Fortunately the hotel we were staying at was only 5 miles from the crit course at Campbell U, so we were able to get an extra hour of sleep, take time eating breakfast and leave at 7:50 to get there well before most of the other teams.
It rained the night before so the course was wet, but did not look too bad. Should I race? I don’t think so. It was about 45F and there was no way I was putting on arm warmers over my wounds. Oh well. Kevin was warming up so I figured I’d go inside the building where registration was to warm up. I ended up in the registration room chatting and making jokes with a bunch of people including the VT rider who I crashed with the previous day.
“Just curious, how many riders are registered for C’s?” “7”. 7, that’s less than the number of places that get points. After a bike of joking with VT about racing in hoodies and basketball shorts I say “what the h***, sign me in”. VT already registered by this point.
At this point its 9 AM and the race is scheduled to start at 9:35 AM. I head back out to the car to get plan what I’m going to where when I see the Navy convoy come in. Well this means there would now be more riders than points. Well, I already signed in and I’m not going to quit now. Pinned the numbers on my long sleeve jersey then grab my shorts (not the bloody ones from the previous day) and my long sleeve jersey and head to the bathroom to change. Its go time.
Surprisingly everything actually felt ok for the most part. I head out to the car and do my normal race prep before warming up. Just when I finish prepping, the very official ACCC News reporter shows up and ask if I could do an interview. Me, talk about what I think and be on camera? Sure! During the interview he asked about the crash its effects, so of course I had to take off my jersey to show all the battle wounds. I’ll post the link to the video once its uploaded.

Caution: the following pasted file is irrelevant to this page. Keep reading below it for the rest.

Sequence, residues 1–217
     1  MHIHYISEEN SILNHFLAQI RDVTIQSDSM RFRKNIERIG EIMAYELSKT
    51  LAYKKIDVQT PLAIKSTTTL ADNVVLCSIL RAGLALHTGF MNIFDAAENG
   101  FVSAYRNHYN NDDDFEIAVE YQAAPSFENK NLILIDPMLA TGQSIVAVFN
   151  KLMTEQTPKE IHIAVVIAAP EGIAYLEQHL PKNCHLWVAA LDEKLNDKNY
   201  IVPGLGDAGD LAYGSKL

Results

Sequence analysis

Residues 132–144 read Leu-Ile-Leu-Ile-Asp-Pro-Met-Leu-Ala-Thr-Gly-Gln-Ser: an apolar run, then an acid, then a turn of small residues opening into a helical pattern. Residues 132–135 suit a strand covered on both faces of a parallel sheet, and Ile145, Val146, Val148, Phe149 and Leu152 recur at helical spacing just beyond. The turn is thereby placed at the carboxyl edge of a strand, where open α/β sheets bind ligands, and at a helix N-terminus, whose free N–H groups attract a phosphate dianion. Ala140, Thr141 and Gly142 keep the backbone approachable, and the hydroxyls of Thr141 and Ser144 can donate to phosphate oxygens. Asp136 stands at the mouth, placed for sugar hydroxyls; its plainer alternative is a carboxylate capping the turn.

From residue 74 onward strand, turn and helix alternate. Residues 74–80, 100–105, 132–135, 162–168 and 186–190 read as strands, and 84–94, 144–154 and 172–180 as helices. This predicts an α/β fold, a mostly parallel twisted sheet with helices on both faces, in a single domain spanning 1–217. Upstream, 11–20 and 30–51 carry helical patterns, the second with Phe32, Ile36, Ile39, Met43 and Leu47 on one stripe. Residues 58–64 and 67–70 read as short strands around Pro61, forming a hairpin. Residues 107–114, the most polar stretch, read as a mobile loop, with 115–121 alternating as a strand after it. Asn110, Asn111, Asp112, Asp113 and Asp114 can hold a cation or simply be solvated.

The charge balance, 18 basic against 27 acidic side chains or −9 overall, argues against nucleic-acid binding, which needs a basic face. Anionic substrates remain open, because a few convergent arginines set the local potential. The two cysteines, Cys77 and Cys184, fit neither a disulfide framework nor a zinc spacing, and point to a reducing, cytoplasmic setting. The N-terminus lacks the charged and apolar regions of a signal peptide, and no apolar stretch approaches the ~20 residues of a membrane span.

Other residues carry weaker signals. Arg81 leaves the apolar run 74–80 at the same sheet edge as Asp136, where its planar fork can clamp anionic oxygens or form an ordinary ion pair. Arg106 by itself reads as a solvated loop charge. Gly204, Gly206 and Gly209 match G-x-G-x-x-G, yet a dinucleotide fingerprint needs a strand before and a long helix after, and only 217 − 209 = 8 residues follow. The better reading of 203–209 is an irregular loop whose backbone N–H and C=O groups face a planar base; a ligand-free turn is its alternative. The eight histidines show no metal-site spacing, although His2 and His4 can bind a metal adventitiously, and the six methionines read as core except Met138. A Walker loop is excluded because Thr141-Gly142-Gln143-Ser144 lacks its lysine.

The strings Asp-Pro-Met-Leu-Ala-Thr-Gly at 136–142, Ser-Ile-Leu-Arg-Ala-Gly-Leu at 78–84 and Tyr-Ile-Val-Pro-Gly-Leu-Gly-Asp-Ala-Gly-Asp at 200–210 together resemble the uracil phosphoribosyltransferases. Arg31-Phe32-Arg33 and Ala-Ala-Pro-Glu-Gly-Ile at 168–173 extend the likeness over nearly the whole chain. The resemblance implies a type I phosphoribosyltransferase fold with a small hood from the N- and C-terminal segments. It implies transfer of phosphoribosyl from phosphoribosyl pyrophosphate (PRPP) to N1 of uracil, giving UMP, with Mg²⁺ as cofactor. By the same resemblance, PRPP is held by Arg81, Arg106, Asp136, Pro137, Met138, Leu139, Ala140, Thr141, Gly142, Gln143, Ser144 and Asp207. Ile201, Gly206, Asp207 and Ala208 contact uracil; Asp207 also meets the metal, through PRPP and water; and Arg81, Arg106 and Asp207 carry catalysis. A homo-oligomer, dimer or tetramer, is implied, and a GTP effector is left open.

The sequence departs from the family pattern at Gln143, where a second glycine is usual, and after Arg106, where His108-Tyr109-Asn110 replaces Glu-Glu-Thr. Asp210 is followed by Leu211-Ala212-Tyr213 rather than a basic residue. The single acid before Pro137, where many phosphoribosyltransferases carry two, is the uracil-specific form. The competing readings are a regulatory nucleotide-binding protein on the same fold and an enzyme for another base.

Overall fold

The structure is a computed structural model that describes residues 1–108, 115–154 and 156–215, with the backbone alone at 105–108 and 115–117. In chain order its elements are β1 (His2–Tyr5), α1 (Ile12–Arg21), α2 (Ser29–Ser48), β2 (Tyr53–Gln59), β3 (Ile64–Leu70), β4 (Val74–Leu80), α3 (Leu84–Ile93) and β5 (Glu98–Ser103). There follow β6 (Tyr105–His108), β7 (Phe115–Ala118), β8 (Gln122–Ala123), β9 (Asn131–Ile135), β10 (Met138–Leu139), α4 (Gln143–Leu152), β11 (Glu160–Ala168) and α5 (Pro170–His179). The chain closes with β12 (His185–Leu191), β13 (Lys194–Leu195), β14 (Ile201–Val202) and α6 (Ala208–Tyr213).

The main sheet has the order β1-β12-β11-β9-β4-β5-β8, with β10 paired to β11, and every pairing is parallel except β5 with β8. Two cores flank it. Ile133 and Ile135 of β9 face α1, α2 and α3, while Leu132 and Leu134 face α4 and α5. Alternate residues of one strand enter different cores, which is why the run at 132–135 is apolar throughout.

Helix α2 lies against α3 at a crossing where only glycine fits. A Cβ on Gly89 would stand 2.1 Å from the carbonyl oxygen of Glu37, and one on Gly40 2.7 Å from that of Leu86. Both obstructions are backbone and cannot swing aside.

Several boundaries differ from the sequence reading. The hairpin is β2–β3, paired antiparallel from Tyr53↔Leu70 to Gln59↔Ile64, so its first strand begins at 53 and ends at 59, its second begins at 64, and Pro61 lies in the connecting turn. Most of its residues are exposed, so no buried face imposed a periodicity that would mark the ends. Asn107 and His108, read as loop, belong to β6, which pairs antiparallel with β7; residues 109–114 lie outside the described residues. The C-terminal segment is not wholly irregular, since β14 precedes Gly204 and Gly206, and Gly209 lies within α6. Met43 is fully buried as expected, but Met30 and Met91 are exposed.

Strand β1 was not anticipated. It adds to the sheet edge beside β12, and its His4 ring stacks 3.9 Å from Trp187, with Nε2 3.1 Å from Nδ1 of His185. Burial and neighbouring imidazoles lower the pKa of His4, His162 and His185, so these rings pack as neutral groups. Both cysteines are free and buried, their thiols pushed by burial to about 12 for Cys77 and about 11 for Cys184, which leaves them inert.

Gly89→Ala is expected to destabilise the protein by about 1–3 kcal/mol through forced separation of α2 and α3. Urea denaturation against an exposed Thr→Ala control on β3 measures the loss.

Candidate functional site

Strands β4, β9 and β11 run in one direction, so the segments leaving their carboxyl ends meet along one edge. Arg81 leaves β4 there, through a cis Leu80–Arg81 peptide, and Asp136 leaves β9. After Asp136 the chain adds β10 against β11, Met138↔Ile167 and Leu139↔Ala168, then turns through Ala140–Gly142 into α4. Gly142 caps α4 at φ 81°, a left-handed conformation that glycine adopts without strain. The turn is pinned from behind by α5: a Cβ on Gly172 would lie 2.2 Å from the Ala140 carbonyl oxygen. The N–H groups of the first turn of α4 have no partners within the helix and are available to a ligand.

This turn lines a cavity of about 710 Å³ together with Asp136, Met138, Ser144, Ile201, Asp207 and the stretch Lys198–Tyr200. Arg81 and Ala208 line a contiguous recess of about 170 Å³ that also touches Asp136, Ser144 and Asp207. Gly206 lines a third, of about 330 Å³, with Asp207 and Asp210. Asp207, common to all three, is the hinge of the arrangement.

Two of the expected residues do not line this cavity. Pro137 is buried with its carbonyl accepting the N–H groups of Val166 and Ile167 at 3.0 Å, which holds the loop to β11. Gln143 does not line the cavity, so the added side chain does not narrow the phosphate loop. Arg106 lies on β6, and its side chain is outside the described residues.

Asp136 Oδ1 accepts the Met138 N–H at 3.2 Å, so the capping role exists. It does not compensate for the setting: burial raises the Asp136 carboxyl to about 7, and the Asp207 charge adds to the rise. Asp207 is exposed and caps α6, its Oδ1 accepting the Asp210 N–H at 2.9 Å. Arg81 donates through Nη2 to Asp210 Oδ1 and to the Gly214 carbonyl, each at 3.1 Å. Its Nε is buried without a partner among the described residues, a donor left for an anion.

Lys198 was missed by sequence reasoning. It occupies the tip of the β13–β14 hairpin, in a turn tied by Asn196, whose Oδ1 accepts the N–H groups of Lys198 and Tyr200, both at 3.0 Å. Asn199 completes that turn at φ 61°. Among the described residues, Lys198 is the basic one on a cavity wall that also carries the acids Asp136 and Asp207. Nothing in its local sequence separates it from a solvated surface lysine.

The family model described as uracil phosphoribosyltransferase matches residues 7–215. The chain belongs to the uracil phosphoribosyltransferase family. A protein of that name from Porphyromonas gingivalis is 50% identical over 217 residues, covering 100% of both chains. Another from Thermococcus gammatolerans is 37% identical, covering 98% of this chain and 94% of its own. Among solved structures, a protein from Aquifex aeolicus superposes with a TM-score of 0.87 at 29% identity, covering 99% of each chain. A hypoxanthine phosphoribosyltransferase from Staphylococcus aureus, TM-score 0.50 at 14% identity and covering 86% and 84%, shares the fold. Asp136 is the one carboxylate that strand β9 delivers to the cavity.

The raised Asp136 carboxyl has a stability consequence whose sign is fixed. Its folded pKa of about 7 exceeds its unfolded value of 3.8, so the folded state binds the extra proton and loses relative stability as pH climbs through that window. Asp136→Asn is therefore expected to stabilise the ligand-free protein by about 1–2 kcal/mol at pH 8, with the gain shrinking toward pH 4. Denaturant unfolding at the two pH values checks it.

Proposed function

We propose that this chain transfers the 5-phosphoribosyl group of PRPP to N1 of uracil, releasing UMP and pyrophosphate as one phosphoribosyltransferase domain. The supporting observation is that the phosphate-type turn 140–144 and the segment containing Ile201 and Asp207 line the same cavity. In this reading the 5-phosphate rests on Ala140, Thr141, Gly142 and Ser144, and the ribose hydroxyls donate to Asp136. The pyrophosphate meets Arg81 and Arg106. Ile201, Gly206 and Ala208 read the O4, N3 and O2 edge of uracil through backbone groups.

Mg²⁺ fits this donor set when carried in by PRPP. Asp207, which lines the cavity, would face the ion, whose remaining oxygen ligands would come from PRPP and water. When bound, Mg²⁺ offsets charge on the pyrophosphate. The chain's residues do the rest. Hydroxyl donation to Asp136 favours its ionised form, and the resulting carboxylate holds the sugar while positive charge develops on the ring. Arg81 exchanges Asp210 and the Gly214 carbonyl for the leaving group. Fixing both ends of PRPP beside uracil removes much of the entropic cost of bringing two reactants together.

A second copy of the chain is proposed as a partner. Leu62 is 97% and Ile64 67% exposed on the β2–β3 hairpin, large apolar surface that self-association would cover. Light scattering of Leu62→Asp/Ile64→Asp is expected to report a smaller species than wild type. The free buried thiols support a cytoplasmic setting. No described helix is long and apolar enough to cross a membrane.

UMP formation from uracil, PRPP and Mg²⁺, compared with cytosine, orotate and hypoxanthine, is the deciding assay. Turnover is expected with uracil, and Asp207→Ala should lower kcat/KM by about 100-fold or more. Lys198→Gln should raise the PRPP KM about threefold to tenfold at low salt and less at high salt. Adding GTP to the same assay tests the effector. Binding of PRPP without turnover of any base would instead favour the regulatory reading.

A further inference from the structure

Once I am ready, I go to clip-in to my bike to warm up (right shoe first like always). “Why can’t I clip in to my bike? Oh, my shoes must be muddy from walking around yesterday.” I then turn my foot upside down and see the back half of my cleat is missing. Of course I only have 10-15 minutes until the race starts at this point. I see some of the riders I am friends with and I ask them what shoe size they are.
Fortunately one of the A Wake Forest riders had a close enough shoe size and I borrowed his right shoe. As his teammate said, I looked “very fresh with the bright yellow shoe on the left and white triathlete shoe on the right”.
Mens D race ends (Kevin got 2nd again! Time for him to upgrade!). I then do a practice lap with the C field and get to experience the brick turn for the first time. This was a bit scary at first, and it certainly didn’t help that it was raining.
Time to race. The ended up 4th out of the intial charge off the line, however my shoulder was in too much pain to get out of the saddle while everyone else was up the hill, so I unfortunately lost some position there. I was sitting about 7th or 8th going into the brick section which everyone took at different speeds and this caused the field to split. I ended up working with Joe from Wake Forest (one of the riders I worked with during the first NCSU Road Race the previous weekend.
We then passed 2 navy riders (including my buddy Marc) and they were not able to stay with us. Soon we caught the rider from John Hopkins (who is still wearing his old Carnagie Melon kit) and he worked with us. We then worked together and caught 2 more Virginia Tech riders. Our group approximately contained 7th - 12th places. We didn’t catch anymore riders from then on, but more importantly we didn’t get caught by anyone.
About 2/3 of the way through the race one of the Virginia Tech riders (both were sitting on the front) had too much speed coming out of the brick section so he was unable to make the turn and instead just went straight through the intersection. Fortunately he didn’t crash, but his race was done. Talking with him later he said “I was a little upset I missed the turn, but I was very happy I was able to get into dry/warm clothes again!”.
A few laps later we had a vehicle beeping at us from behind. We had to deal with 2 cars on the course already, so I figured this was another car and flipped them the bird (riding in DC has taught me well). All of a sudden the referee passed us. Oops. I then yell at the other 3 left in our group to hammer. This was our second to last lap so all we had to do was get to the finish line before to leaders to avoid getting pulled. We easily accomplished this and then were on the last lap.